Common Sense Note
Parents need to know that Hearts and Minds is an intense 1974 Academy-Award winning documentary about the Vietnam War. Scenes from actual news footage is shown -- villages burned, dead bodies, and bloody injured soldiers -- as well as testimonials from American soldiers, some of whom are now paralyzed. American attitudes towards war in general are shown through brief clips of war movies. While many in the film freely use Vietnamese racial slurs, this documentary makes a concerted effort to understand the Vietnamese people and how they saw the war that was being fought.
Two American servicemen are shown in neighboring beds, cavorting with Vietnamese prostitutes. The servicemen remove the bras of the prostitutes, exposing their breasts.
The Vietnam War is graphically portrayed through news footage of Vietnamese soldiers being killed, villages being burned, and bombs falling from planes. Children are shown running down a road naked and screaming with parts of their skin peeling after a napalm attack. A Vietnamese prisoner is shown being kicked repeatedly in the chest and pistol whipped in the shoulder. In the rubble of a bombed-out house, a Vietnamese man cries and wails in agony, offering the shirt of his recently killed daughter to the American media to present to President Nixon. American soldiers home from the war tell frank anecdotes of their experiences in the war.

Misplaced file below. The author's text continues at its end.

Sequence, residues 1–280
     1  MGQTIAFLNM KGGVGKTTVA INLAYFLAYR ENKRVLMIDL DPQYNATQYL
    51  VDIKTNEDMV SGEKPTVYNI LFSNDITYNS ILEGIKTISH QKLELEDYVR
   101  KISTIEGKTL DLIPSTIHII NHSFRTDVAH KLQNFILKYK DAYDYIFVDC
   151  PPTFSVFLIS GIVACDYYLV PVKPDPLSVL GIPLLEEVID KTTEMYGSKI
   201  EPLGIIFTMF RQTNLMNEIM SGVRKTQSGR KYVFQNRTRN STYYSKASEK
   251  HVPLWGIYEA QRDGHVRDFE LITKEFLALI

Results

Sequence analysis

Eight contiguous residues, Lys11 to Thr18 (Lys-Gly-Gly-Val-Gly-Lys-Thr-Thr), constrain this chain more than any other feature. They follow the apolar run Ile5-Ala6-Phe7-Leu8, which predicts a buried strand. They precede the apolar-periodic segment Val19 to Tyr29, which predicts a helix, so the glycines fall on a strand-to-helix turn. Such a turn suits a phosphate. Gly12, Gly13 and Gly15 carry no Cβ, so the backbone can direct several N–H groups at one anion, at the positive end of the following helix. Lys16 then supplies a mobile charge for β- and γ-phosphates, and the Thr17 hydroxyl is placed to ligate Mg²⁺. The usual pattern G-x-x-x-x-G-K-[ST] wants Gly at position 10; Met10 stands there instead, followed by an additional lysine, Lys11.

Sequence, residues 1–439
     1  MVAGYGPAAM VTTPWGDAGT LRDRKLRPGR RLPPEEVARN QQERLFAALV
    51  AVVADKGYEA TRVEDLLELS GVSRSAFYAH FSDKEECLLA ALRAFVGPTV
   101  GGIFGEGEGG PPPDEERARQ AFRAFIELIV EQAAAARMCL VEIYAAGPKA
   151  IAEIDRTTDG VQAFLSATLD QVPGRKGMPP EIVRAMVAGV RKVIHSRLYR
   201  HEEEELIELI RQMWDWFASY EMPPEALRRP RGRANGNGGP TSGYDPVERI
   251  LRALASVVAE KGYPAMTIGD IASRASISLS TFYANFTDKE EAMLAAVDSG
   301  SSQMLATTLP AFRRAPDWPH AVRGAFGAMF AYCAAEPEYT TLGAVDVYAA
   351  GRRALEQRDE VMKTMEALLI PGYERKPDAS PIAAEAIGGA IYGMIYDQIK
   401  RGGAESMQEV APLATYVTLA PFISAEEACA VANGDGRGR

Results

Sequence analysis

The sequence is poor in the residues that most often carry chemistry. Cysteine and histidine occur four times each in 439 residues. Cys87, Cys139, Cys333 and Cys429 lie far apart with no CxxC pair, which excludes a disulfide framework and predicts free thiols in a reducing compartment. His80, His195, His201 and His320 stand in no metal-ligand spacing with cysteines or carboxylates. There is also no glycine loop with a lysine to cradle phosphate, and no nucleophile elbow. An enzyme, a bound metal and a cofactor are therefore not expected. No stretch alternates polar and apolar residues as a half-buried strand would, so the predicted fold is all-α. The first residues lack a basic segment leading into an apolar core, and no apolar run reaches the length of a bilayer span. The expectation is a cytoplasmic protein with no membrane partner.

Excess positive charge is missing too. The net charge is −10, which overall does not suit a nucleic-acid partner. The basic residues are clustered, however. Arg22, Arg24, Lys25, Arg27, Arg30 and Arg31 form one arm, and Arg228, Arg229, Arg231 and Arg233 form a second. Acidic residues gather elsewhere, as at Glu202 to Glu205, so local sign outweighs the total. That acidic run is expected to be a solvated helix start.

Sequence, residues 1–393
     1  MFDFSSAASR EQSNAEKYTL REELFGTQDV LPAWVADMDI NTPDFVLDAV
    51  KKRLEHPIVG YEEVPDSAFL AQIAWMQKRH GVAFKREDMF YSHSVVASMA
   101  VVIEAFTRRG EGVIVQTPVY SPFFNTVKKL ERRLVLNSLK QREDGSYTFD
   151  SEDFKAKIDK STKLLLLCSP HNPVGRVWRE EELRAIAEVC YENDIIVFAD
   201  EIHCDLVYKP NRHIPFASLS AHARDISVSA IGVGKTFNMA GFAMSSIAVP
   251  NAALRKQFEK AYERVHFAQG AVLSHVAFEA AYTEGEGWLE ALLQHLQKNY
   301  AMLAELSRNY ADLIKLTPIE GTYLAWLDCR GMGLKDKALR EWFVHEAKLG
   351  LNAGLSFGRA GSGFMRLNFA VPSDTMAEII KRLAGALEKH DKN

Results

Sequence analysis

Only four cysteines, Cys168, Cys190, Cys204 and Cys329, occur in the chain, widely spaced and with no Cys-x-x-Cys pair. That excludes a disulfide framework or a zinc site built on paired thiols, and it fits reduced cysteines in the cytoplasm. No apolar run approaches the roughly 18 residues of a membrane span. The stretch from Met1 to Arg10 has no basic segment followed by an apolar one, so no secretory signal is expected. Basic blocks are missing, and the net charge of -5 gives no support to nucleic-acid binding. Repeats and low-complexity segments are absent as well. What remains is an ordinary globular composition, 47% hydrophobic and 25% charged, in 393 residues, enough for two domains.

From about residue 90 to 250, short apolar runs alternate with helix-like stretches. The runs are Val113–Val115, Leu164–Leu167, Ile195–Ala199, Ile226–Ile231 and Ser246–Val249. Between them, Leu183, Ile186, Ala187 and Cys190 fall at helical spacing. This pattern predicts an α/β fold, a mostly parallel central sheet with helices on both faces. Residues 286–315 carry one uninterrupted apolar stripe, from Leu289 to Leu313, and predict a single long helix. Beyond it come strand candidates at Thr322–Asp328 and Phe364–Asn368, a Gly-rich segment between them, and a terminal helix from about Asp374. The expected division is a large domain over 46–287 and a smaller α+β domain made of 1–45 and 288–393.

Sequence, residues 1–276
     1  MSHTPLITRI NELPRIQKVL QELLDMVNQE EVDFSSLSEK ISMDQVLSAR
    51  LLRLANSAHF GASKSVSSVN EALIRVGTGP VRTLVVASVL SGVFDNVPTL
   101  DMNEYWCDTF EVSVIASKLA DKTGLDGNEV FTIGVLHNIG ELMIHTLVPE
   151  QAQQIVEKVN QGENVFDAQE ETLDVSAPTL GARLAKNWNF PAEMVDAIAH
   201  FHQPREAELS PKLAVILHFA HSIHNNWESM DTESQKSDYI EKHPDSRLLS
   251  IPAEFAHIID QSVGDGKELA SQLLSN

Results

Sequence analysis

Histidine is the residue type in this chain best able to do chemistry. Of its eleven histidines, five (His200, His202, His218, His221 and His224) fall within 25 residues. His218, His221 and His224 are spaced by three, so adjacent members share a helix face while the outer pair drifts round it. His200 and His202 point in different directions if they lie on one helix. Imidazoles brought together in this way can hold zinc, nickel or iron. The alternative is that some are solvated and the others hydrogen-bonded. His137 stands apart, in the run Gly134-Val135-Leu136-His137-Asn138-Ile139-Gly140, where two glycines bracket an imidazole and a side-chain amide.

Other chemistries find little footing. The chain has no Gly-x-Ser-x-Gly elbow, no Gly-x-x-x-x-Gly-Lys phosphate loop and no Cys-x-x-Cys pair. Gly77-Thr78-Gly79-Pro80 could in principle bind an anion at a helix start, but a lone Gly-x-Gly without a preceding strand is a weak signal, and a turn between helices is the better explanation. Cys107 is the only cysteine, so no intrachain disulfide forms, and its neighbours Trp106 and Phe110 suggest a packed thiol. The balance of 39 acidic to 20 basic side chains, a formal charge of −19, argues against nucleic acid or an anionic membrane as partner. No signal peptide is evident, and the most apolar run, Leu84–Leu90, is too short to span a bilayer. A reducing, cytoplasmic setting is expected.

Frequent language includes "f--k," "ass," "motherf---er," "s--t." American soldiers frequently use racial slurs: "gook," "slope," and "dink."
Hearts and Minds reflects the deep divisions in opinion about the Vietnam War, including the reactions and emotions of those who fought in it and those most affected by it. The result is a fairly clear anti-war message.
Drugs / Tobacco /
Men and women are frequently shown smoking cigarettes. During a large White House reception for recently freed American prisoners of war, President Nixon jokes that to toast every returning prisoner of war would require everyone to drink through the night and into the next morning, to which someone yells "What's wrong with that?"